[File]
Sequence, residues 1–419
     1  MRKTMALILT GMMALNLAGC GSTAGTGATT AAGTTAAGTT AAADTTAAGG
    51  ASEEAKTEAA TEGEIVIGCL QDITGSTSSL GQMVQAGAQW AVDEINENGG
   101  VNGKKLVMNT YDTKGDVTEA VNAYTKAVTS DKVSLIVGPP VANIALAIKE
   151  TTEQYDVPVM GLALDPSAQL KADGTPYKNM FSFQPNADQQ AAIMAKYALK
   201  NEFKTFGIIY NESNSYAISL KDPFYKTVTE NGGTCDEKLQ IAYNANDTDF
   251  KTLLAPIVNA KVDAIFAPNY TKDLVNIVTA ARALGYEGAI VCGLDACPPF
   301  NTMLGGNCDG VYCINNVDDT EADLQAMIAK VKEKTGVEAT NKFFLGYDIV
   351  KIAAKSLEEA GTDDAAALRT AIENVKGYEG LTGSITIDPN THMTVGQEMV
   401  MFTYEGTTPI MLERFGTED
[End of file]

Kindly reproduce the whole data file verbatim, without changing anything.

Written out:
Sequence, residues 1–419
     1  MRKTMALILT GMMALNLAGC GSTAGTGATT AAGTTAAGTT AAADTTAAGG
    51  ASEEAKTEAA TEGEIVIGCL QDITGSTSSL GQMVQAGAQW AVDEINENGG
   101  VNGKKLVMNT YDTKGDVTEA VNAYTKAVTS DKVSLIVGPP VANIALAIKE
   151  TTEQYDVPVM GLALDPSAQL KADGTPYKNM FSFQPNADQQ AAIMAKYALK
   201  NEFKTFGIIY NESNSYAISL KDPFYKTVTE NGGTCDEKLQ IAYNANDTDF
   251  KTLLAPIVNA KVDAIFAPNY TKDLVNIVTA ARALGYEGAI VCGLDACPPF
   301  NTMLGGNCDG VYCINNVDDT EADLQAMIAK VKEKTGVEAT NKFFLGYDIV
   351  KIAAKSLEEA GTDDAAALRT AIENVKGYEG LTGSITIDPN THMTVGQEMV
   401  MFTYEGTTPI MLERFGTED